Specialized remote video systems have been successfully developed and deployed in a number of large radiological Underground Storage Tanks (USTs)that tolerate the hostile tank interior, while providing high resolution video to a remotely located operator. The deployment is through 100 mm (4 in) tank openings, while incorporating full video functions of the camera, lights, and zoom lens. The usage of remote video minimizes the potential for personnel exposure to radiological and hazardous conditions, and maximizes the quality of the visual data used to assess the interior conditions of both tank and contents. The robustness of this type of remote system has a direct effect on the potential for radiological exposure that personnel may encounter. The USTs typical of the Savannah River and Hanford Department Of Energy - (DOE) sites are typically 4.5 million liter (1.2 million gal) units under earth. or concrete overburden with limited openings to the surface. The interior is both highly contaminated and radioactive with a wide variety of nuclear processing waste material. Some of the tanks are -flammable rated -to Class 1, Division 1,and personnel presence at or near the openings should be minimized. The interior of these USTs must be assessed periodically as part of the ongoing management of the tanks and as a step towards tank remediation. The systems are unique in their deployment technology, which virtually eliminates the potential for entrapment in a tank, and their ability to withstand flammable environments. A multiplicity of components used within a common packaging allow for cost effective and appropriate levels of technology, with radiation hardened components on some units and lesser requirements on other units. All units are completely self contained for video, zoom lens, lighting, deployment,as well as being self purging, and modular in construction.

  17. Underground-Energy-Storage Program, 1982 annual report

    SciTech Connect (OSTI)

    Kannberg, L.D.

    1983-06-01T23:59:59.000Z

    Two principal underground energy storage technologies are discussed--Seasonal Thermal Energy Storage (STES) and Compressed Air Energy Storage (CAES). The Underground Energy Storage Program objectives, approach, structure, and milestones are described, and technical activities and progress in the STES and CAES areas are summarized. STES activities include aquifer thermal energy storage technology studies and STES technology assessment and development. CAES activities include reservoir stability studies and second-generation concepts studies. (LEW)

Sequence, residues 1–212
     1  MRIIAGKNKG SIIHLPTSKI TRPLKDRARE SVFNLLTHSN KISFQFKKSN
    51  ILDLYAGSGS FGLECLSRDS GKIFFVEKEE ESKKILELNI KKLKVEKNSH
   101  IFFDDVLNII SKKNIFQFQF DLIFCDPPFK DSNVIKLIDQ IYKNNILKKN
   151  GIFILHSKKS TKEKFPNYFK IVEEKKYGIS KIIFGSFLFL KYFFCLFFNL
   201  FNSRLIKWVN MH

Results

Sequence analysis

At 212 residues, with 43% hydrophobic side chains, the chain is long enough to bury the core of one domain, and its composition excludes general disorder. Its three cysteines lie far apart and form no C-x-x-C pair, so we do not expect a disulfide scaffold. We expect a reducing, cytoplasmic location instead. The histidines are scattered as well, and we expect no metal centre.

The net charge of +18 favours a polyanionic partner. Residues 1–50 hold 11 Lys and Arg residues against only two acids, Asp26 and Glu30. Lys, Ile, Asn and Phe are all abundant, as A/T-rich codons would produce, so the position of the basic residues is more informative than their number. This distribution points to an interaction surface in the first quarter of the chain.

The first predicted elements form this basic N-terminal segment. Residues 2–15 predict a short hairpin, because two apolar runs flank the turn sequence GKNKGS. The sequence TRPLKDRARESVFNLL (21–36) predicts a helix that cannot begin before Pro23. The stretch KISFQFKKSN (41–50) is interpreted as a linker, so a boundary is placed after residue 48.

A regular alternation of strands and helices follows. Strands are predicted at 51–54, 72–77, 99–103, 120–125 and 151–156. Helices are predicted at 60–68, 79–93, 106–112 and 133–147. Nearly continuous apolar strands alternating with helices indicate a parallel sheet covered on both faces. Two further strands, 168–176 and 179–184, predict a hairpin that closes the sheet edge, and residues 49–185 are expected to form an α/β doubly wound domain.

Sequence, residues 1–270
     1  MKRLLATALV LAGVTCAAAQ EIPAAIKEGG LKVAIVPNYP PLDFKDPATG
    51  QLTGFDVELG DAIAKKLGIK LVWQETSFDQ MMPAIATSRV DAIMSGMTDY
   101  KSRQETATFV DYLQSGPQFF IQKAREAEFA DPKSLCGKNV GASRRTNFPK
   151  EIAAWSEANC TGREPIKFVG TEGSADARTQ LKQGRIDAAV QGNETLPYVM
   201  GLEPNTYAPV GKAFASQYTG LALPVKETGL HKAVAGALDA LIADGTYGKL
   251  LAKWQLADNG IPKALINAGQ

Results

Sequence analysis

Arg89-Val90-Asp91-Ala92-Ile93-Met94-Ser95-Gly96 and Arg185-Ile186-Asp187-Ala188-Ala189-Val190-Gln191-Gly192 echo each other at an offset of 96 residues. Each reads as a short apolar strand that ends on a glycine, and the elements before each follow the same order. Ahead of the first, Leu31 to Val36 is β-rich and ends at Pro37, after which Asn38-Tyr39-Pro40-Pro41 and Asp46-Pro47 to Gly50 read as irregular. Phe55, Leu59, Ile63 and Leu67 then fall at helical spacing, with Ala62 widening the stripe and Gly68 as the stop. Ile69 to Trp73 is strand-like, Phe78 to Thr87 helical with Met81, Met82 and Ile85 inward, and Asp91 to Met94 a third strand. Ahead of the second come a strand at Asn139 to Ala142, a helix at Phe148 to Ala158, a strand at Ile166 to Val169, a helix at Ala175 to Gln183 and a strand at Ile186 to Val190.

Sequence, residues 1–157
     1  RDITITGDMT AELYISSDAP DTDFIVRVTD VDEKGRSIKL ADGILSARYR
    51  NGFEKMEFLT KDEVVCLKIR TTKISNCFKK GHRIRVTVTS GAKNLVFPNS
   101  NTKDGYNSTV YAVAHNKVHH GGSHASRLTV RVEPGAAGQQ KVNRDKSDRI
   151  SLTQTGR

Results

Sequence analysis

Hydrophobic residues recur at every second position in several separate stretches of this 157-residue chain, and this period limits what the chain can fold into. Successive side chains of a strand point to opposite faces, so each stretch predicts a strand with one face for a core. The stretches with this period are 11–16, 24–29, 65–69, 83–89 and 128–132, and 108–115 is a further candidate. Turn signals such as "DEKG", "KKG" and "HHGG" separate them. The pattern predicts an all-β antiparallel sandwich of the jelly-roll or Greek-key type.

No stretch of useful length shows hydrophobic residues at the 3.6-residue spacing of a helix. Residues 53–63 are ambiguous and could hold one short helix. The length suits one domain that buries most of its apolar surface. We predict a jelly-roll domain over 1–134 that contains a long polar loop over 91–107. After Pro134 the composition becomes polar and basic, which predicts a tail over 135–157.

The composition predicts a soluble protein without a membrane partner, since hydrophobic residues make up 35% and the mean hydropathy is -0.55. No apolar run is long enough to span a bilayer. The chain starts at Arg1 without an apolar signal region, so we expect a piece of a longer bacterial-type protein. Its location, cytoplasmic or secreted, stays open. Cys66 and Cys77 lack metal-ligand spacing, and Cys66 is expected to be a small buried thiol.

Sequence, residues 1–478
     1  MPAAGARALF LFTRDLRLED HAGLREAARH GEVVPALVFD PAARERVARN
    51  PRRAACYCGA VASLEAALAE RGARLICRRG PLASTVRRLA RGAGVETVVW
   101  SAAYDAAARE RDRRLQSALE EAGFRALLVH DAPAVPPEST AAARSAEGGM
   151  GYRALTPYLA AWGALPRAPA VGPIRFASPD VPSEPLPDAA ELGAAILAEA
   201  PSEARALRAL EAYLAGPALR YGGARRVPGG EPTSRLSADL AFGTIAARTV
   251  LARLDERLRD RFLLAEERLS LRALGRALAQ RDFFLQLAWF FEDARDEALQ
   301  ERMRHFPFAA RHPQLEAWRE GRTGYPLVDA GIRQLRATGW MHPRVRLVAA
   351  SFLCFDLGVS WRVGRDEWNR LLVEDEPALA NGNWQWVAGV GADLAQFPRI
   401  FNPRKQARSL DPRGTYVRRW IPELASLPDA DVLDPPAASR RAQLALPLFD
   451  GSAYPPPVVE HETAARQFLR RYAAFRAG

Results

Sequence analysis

18. ,"Lower 48 States Underground Natural Gas Storage - All Operators...

    U.S. Energy Information Administration (EIA) Indexed Site

    Underground Natural Gas Storage - All Operators" ,"Click worksheet name or tab at bottom for data" ,"Worksheet Name","Description"," Of Series","Frequency","Latest Data for"...

  19. ,"AGA Producing Region Underground Natural Gas Storage - All...

    U.S. Energy Information Administration (EIA) Indexed Site

    Underground Natural Gas Storage - All Operators" ,"Click worksheet name or tab at bottom for data" ,"Worksheet Name","Description"," Of Series","Frequency","Latest Data for"...

  20. ,"AGA Western Consuming Region Underground Natural Gas Storage...

    U.S. Energy Information Administration (EIA) Indexed Site

    Underground Natural Gas Storage - All Operators" ,"Click worksheet name or tab at bottom for data" ,"Worksheet Name","Description"," Of Series","Frequency","Latest Data for"...

  1. ,"West Virginia Underground Natural Gas Storage - All Operators...

    U.S. Energy Information Administration (EIA) Indexed Site

    Underground Natural Gas Storage - All Operators" ,"Click worksheet name or tab at bottom for data" ,"Worksheet Name","Description"," Of Series","Frequency","Latest Data for"...

  2. ,"AGA Eastern Consuming Region Underground Natural Gas Storage...

    U.S. Energy Information Administration (EIA) Indexed Site

    Underground Natural Gas Storage - All Operators" ,"Click worksheet name or tab at bottom for data" ,"Worksheet Name","Description"," Of Series","Frequency","Latest Data for"...

  3. ,"New York Underground Natural Gas Storage - All Operators"

    U.S. Energy Information Administration (EIA) Indexed Site

    Underground Natural Gas Storage - All Operators" ,"Click worksheet name or tab at bottom for data" ,"Worksheet Name","Description"," Of Series","Frequency","Latest Data for"...

  4. ,"New Mexico Underground Natural Gas Storage - All Operators...

    U.S. Energy Information Administration (EIA) Indexed Site

    Underground Natural Gas Storage - All Operators" ,"Click worksheet name or tab at bottom for data" ,"Worksheet Name","Description"," Of Series","Frequency","Latest Data for"...

  5. 100-N Area underground storage tank closures

    SciTech Connect (OSTI)

    Rowley, C.A.

    1993-08-01T23:59:59.000Z

    This report describes the removal/characterization actions concerning underground storage tanks (UST) at the 100-N Area. Included are 105-N-LFT, 182-N-1-DT, 182-N-2-DT, 182-N-3-DT, 100-N-SS-27, and 100-N-SS-28. The text of this report gives a summary of remedial activities. In addition, correspondence relating to UST closures can be found in Appendix B. Appendix C contains copies of Unusual Occurrence Reports, and validated sampling data results comprise Appendix D.

  6. Legislation pertaining to underground storage tanks

    SciTech Connect (OSTI)

    Goth, W. (Ventura County Environmental Health Division, CA (United States))

    1994-04-01T23:59:59.000Z